“The only sure way to not find a cure is to abandon the search for a cure,” he says. “This doesn’t mean we’re promising that there will be a cure tomorrow or next year or in two years. Everyone at the DRI works with the intensity, enthusiasm and the focus to develop a cure as if the cure is around the corner.” In fact, the pace at which research is moving forward has never before offered such promise, says Dr. Ricordi.
“There is a sufficient element of progress in the last five years to justify our renewed interest and enthusiasm in cure focused research and gives us a great hope that a cure could be within reach,” he said. Through its commitment to global collaboration, the DRI partners with investigators working within diabetes research as well as other disease disciplines to cure many health conditions.
“It’s really bringing the collaborative spirit and the search for a cure to the global level, bridging expertise and discplines, where one advancement in diabetes can help other autoimmune diseases and vice versa,” explains Dr. Ricordi, who created the worldwide Diabetes Research Institute Federation global network in 2006 and, more recently, the Cure Focus Research Alliance (Cure FoR All), which expands into other diseases.
Those wanting to hear more from Dr. Ricordi and other DRI scientists about the latest research toward a cure can view the new Diabetes 2.0 video update online, in which the researchers explain their cutting-edge initiatives underway and the progress made just in the last year in areas like tolerance induction, tissue engineering, nanotechnology, development of new sources of insulin-producing cells, cell regeneration and tissue reprogramming, among others. Diabetes 2.0 is running in conjunction with the Reason to Believe Campaign.
“Tomorrow isn’t soon enough to cure the millions of children and adults living with diabetes worldwide,” said Pearlman. “There is a Reason to Believe in a cure and with the necessary support, we will be able to realize our goal much sooner.”
The DRI Foundation is asking those around the country – and throughout the world – who share its mission to participate in the Reason to Believe campaign by making a donation and/or by becoming a Diabetes Diplomat by organizing their own fundraising project in November. A $50,000 matching gift is being offered toward the r2b Diabetes Diplomats campaign.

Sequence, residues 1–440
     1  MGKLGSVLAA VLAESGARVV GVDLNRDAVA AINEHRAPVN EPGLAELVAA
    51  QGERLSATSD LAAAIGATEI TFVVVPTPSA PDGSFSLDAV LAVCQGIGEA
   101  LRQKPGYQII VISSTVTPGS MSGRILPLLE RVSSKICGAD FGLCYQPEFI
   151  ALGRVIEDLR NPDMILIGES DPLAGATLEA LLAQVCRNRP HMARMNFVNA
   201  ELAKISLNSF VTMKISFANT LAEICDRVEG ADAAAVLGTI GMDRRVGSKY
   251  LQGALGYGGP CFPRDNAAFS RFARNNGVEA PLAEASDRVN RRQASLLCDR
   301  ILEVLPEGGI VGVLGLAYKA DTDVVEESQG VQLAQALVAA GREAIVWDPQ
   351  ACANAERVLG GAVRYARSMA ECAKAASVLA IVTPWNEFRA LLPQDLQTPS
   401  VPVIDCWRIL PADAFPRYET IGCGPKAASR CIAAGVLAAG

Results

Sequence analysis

One of the most exciting Diabetes Diplomat projects that can be organized is a school site educational and fundraising program. It doesn’t matter whether the child is personally affected by diabetes or not. What does matter is that this program allows students to Be the Hero by playing a central role in these school-based activities.
Many sponsors have joined the effort, including Animas, LifeScan, Children with Diabetes and Diabetes Health.
About the Diabetes Research Institute and Foundation
The Diabetes Research Institute Foundation (DRIF) is the organization of choice for those who are serious, passionate and committed to curing diabetes. Its mission is to provide the Diabetes Research Institute with the funding necessary to cure diabetes now.
The Diabetes Research Institute, a Center of Excellence at the University of Miami Miller School of Medicine, leads the world in cure-focused research. As the largest and most comprehensive research center dedicated to curing diabetes, the DRI is aggressively working to shrink the timeline toward the discovery of a biological cure for this disease. Having already shown that diabetes can be reversed through islet transplantation, the DRI is building upon these promising outcomes by bridging cell-based therapies with emerging technologies. The Diabetes Research Institute was created for one reason – to cure diabetes – which is and will continue to be its singular focus until that goal is reached. For the millions of people affected by diabetes, the DRI is the best hope for a cure. For more information, visit DiabetesResearch.org.
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Lori Weintraub, APR